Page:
Sacrifices are Pure

The reason for our aversion to Leviticus is largely based upon our revulsion at the thought of animal sacrifice.

Little boy reading Bible. (Image: © Bigstock)

Vayikra

Special Shabbat Reading

Shabbat Zachor: Special readings are applicable this Shabbat.

  • Shabbat Zachor (זכור | Remember)
  • Maftir: Deuteronomy 25:17-19
  • Haftarah: 1 Samuel 15:1-34
  • Gospel: Mark 6:14-29

Shabbat Zachor ("Sabbath [of] remembrance שבת זכור) is the Shabbat immediately preceding Purim. Deuteronomy 25:17-19, describing the attack by Amalek, is recounted. There is a tradition from the Talmud that Haman, the antagonist of the Purim story, was descended from Amalek. The portion that is read includes a commandment to remember the attack by Amalek, and therefore at this public reading both men and women make a special effort to hear the reading.

Regular Shabbat Readings

Read / Listen to these Portions

  • Vayikra (ויקרא | And he called)
  • Torah: Leviticus 1:1-5:26
  • Haftarah: Isaiah 43:21-44:23
  • Gospel: Matthew 5:23-30

Note: The regular readings are often interrupted with special readings on Jewish holidays, special Sabbaths, and Rosh Chodesh. Refer to the annual Torah Portion schedule for these special portions.

Portion Outline

  • Torah
    • Leviticus 1:1 | The Burnt Offering
    • Leviticus 2:1 | Grain Offerings
    • Leviticus 3:1 | Offerings of Well-Being
    • Leviticus 4:1 | Sin Offerings
    • Leviticus 5:14 | Offerings with Restitution
  • Prophets
    • Isaiah 43:1 | Restoration and Protection Promised
    • Isaiah 44:1 | God's Blessing on Israel
    • Isaiah 44:9 | The Absurdity of Idol Worship
    • Isaiah 44:21 | Israel Is Not Forgotten

Portion Summary

The title "Leviticus" is derived from the Greek Septuagint (LXX) version of the Torah. The book of Leviticus is predominantly concerned with Levitical rituals. An older Hebrew name for the book was "The Laws of the Priesthood," but in Judaism today, it is referred to by the name Vayikra (ויקרא), which means "And He called." Vayikra is the first Hebrew word of the book, which begins by saying, "And the LORD called to Moses and spoke to him from inside the tent of meeting" (Leviticus 1:1).

Leviticus describes the sacrificial service and the duties of the priests. It also introduces ritual purity, the biblical diet, the calendar of appointed times, laws of holiness and laws relating to redemption, vows and tithes. In addition, Leviticus discourses on ethical instruction and holiness. The twenty-fourth reading from the Torah is eponymous with the Hebrew name of the book it introduces: Vayikra. This portion introduces the sacrificial service and describes five different types of sacrifices.


When Yeshua was five years old, He began to study the book of Vayikra. In the days of the Master (and even in modern Judaism) the formal religious education of a child begins at the age of five, and it begins with the study of Leviticus. It is somewhat puzzling for us to think that little children should be forced to study the dreadful laws of blood and sacrifice which constitute the first chapters of Leviticus. We wouldn't even impose a serious study of Leviticus upon our seminary students, much less our five-year-olds.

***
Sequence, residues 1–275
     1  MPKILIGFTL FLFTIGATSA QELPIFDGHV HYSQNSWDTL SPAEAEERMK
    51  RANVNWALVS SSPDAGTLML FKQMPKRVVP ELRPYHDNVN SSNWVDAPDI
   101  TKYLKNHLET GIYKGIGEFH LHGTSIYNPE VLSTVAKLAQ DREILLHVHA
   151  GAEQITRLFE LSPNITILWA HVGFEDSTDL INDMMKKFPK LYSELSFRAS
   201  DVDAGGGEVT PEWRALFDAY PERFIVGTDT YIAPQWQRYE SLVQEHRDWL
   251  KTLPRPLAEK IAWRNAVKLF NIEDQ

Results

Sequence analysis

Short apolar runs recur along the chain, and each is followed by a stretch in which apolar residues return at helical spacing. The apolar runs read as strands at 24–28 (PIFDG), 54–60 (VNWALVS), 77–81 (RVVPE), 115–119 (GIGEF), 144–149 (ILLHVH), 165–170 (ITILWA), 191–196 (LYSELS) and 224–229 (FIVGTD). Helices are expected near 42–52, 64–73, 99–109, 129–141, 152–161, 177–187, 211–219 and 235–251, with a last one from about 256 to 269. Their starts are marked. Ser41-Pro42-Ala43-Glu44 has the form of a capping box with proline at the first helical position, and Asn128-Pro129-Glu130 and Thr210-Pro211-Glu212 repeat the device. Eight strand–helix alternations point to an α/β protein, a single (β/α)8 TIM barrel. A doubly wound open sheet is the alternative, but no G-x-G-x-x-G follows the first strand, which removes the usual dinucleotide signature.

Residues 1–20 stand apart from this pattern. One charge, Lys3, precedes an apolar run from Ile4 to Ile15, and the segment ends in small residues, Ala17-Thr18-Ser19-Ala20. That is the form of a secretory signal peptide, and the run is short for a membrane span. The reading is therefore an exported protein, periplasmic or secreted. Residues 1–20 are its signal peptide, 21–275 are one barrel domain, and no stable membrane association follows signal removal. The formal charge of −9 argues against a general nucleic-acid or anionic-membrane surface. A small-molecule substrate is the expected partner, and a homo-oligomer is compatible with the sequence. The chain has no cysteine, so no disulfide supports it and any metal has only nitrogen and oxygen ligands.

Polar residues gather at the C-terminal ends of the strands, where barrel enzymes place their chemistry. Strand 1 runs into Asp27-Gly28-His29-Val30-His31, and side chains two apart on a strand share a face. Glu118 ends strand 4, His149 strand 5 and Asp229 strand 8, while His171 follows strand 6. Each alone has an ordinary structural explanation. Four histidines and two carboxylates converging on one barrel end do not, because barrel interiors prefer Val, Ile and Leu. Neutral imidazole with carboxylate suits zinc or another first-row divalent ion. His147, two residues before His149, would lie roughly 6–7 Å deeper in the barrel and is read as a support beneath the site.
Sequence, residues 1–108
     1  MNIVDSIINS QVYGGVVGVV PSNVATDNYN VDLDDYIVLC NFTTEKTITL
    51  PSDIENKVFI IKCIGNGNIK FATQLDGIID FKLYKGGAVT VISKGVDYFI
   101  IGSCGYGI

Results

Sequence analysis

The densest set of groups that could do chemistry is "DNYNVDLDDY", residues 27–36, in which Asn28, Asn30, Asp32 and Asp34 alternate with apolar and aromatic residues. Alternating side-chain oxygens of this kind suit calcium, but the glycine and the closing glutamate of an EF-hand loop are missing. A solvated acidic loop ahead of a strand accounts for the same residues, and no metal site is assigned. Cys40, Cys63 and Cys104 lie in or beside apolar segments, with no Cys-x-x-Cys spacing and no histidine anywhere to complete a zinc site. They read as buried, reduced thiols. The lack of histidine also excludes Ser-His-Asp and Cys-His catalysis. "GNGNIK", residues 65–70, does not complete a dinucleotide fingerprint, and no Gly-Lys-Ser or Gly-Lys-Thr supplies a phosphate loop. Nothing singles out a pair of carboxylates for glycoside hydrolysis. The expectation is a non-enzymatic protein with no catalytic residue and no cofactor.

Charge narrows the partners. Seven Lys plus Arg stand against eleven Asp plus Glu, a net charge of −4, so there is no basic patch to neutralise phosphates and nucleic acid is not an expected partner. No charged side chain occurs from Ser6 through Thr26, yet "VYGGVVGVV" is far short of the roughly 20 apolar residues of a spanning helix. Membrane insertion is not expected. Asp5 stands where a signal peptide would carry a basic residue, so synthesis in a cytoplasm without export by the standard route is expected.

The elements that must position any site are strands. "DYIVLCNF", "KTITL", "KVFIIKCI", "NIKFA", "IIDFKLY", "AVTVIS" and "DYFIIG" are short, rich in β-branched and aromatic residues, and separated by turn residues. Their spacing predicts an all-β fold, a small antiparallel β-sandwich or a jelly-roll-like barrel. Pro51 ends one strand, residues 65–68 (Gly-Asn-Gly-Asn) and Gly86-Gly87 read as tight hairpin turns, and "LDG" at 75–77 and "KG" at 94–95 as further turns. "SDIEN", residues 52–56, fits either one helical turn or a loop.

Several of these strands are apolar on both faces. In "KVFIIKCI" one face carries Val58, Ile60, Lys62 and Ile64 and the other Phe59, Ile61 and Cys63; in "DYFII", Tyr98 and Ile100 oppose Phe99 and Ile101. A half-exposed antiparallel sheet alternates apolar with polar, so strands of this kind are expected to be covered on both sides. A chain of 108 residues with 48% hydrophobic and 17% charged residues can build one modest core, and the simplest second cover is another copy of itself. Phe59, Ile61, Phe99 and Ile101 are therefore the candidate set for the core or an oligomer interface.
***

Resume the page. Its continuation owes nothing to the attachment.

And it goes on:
The reason for our aversion to Leviticus is largely based upon our revulsion at the thought of animal sacrifice. Within the mainstream of Western Christianity, there exists an unconscious reluctance to acknowledge that our God is a God who not only chose to be worshipped through the sacrifice of animals but, in fact, took pleasure in the fragrance of burning meat rising from the altar. We have so sanitized and white-washed God that the demand for animal sacrifice seems to contradict everything we have made God into. The laws of sacrifice and sacrificing disconcert us. When the biblical text begins to teach us about priests throwing blood around and cutting out the fat surrounding the diaphragm and the two kidneys, we tend to become nauseous rather than blessed. We quickly explain that the sacrifices were only to teach the Israelites about Yeshua, and we comfort ourselves with the notion that the 'New Testament' abolishes sacrifice.

But this statement is a gross oversimplification. There are five different classifications of sacrifice, each brought for different reasons. There are dozens of types of bread offerings, wine libations, water libations, additional offerings, complex ritual procedures and chapters and chapters of text. There are the procedures for ordaining priests and instructions for their sanctification and purification. The Bible is not stingy on details concerning the ritual services. But of what value is it for us to profess that the Messiah fulfills the sacrifices when we know virtually nothing about those same sacrifices? To simply dismiss it all by saying, 'Yeshua fulfilled the sacrifices,' does a great disservice to the text and to the Master Himself.

If we truly believe that Yeshua's death and resurrection fulfilled the institutions of sacrifice and sacrificing, then we as believers are all the more obligated to invest our energy in studying those institutions. Only to the extent that we understand those institutions can we hope to understand the work of Messiah.

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